"This book of about 500 pages has become a classic because of its engaging style, interesting examples, historical notes, pedagogical use of computer simulations, and more than 600 exercises. Thanks to the American Mathematical Society the book is freely available...[the ]text [is] for a first course in probability assuming some understanding of calculus [and] is open source and can be freely distributed and printed."
These OER resources and course sites were created by CUNY Brooklyn College Mathematics Department faculty members for use in a number of courses, including:
"OpenIntro Statistics offers a traditional introduction to statistics at the college level. This textbook is widely used at the college level and offers an exceptional and accessible introduction for students from community colleges to the Ivy League. The textbook has been thoroughly vetted with an estimated 20,000 students using it annually.
OpenIntro Statistics is a high-end [courseware] ready for use in the classroom, and it offers extra benefits, including:
Created by faculty and staff at Ohio State University, the Mooculus course "is a first and friendly introduction to calculus, suitable for someone who has never seen the subject before, or for someone who has seen some calculus but wants to review the concepts and practice applying those concepts to solve problems. One learns calculus by doing calculus, and so this course is based around doing practice problems."
From the About Page:
"The Annals of Mathematics is published bimonthly by the Department of Mathematics at Princeton University with the cooperation of the Institute for Advanced Study. Founded in 1884 by Ormond Stone of the University of Virginia, the journal was transferred in 1899 to Harvard University, and in 1911 to Princeton University. Since 1933, the Annals has been edited jointly by Princeton University and the Institute for Advanced Study."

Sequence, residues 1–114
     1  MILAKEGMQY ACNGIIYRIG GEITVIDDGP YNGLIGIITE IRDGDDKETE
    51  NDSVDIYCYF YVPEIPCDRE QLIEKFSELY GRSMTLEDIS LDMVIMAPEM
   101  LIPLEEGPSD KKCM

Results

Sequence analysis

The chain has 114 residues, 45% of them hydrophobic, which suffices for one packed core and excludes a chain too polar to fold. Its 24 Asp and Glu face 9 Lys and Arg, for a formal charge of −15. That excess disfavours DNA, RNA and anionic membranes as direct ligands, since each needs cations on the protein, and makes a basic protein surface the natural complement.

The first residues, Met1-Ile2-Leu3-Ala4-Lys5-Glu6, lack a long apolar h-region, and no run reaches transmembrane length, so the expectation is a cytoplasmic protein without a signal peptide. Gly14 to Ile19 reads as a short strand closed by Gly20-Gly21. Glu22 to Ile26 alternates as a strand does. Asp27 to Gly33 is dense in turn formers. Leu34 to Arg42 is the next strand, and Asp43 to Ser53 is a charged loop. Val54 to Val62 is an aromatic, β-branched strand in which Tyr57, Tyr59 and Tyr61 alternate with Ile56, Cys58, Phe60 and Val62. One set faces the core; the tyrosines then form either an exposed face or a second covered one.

From the Description:
"Journal of Mathematical Sciences provides English translations from outstanding Russian-and Ukrainian-language publications of authoritative reports on current mathematical advances. Articles cover a wide range of topics, including mathematical analyses, probability, statistics, algebra, geometry, mathematical physics, wave propagation, stochastic processes, boundary value problems, linear operators, and number and function theory. See the Aims & Scope for information on the Russian-and Ukrainian-language publications covered by the Journal of Mathematical Sciences.
The journal is a valuable resource for pure and applied mathematicians, statisticians, systems theorists and analysts, and information scientists."
From the Description:
"A series of talks and lectures from Oxford Mathematicians exploring the power and beauty of their subject. These talks would appeal to anyone interested in mathematics and its ever-growing range of applications from medicine to economics and beyond."
From the PhET Homepage:
"Founded in 2002 by Nobel Laureate Carl Wieman, the PhET Interactive Simulations project at the University of Colorado Boulder creates free interactive math and science simulations. PhET sims are based on extensive education research and engage students through an intuitive, game-like environment where students learn through exploration and discovery."
From the About Page:
"MyOpenMath is a free, open source, online course management system for mathematics and other quantitative fields. MyOpenMath's primary emphasis is to facilitate the creation and implementation of online homework and assessment, although it also supports content delivery on a limited basis.
MyOpenMath runs on the open source IMathAS platform, providing free hosted use of this platform in support of free, open textbooks like the ones listed on OpenTextBookStore.com. The intent is to provide classroom use of the platform, without any required cost to students, for schools wanting a managed install of the IMathAS platform, and to provide students self-study opportunities.
MyOpenMath.com is operated by the non-profit organization MyOpenMath."
From the SageMath Homepage:
"SageMath is a free open-source mathematics software system licensed under the GPL. It builds on top of many existing open-source packages: NumPy, SciPy, matplotlib, Sympy, Maxima, GAP, FLINT, R and many more. Access their combined power through a common, Python-based language or directly via interfaces or wrappers."
From the About page:
"GeoGebra is dynamic mathematics software for all levels of education that brings together geometry, algebra, spreadsheets, graphing, statistics and calculus in one easy-to-use package. GeoGebra is a rapidly expanding community of millions of users located in just about every country. GeoGebra has become the leading provider of dynamic mathematics software, supporting science, technology, engineering and mathematics (STEM) education and innovations in teaching and learning worldwide."